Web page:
A coronavirus vaccine, when it arrives, probably won’t mean the virus is gone for good:
COVID-19 is so new that scientists aren’t sure whether you’re permanently immune once you’ve recovered, or if your antibodies fade after a few months. The same is true of an eventual vaccine. I-U Health infectious disease specialist Mary Kay Foster says realistically, the best hope is probably something like the flu, where you have to get re-vaccinated once a year.
Foster notes viruses mutate frequently, and a vaccine could become outdated. But she says today’s vaccines are focused on the virus’s genetic structure, and once a vaccine exists, it can be easily tweaked to accommodate those mutations, just as the annual flu vaccine is adjusted for the most prevalent strains that year.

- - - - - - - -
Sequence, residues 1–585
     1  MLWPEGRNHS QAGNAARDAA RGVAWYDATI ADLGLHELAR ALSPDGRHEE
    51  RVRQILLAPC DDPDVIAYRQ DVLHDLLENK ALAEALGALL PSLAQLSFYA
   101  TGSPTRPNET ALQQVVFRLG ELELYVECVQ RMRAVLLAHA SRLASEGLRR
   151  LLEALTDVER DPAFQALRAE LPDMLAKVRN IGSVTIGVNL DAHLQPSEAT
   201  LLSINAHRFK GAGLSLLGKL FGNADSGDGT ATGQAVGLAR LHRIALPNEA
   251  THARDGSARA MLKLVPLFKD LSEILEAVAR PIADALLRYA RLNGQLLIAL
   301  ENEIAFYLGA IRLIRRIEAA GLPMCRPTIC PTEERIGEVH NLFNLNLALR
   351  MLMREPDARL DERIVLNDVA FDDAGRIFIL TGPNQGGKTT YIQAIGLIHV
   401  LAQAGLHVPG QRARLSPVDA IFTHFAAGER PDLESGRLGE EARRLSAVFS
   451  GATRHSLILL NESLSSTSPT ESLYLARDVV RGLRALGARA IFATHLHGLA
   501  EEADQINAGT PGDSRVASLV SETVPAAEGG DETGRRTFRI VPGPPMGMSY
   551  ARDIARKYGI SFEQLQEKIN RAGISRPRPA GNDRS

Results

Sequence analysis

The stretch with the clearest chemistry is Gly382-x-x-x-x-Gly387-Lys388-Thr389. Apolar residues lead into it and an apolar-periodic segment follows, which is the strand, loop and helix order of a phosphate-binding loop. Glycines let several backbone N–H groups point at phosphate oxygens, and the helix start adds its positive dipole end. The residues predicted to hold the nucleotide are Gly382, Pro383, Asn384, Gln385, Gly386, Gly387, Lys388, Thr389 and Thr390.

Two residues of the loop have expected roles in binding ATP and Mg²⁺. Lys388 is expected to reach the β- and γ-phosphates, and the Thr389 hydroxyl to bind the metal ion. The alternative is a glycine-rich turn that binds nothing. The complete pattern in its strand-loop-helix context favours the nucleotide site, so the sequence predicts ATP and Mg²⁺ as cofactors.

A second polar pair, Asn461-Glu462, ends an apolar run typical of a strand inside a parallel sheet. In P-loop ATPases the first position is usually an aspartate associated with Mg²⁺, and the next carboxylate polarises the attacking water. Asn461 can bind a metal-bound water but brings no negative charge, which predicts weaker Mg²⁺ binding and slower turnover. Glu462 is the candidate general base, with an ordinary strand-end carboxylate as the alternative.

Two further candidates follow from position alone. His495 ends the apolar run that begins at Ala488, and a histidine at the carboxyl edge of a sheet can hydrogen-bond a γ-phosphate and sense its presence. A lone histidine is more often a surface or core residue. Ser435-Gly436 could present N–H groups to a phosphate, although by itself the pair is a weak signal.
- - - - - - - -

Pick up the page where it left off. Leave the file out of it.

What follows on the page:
Two vaccine trials have reported early success in the last month and are advancing to larger trials. If drug companies meet their goal of getting a vaccine approved by early next year, it’d be one of the fastest vaccine efforts in history. Foster says that doesn’t mean they’re skipping steps. She says the speed of the research reflects a global focus on creating a vaccine.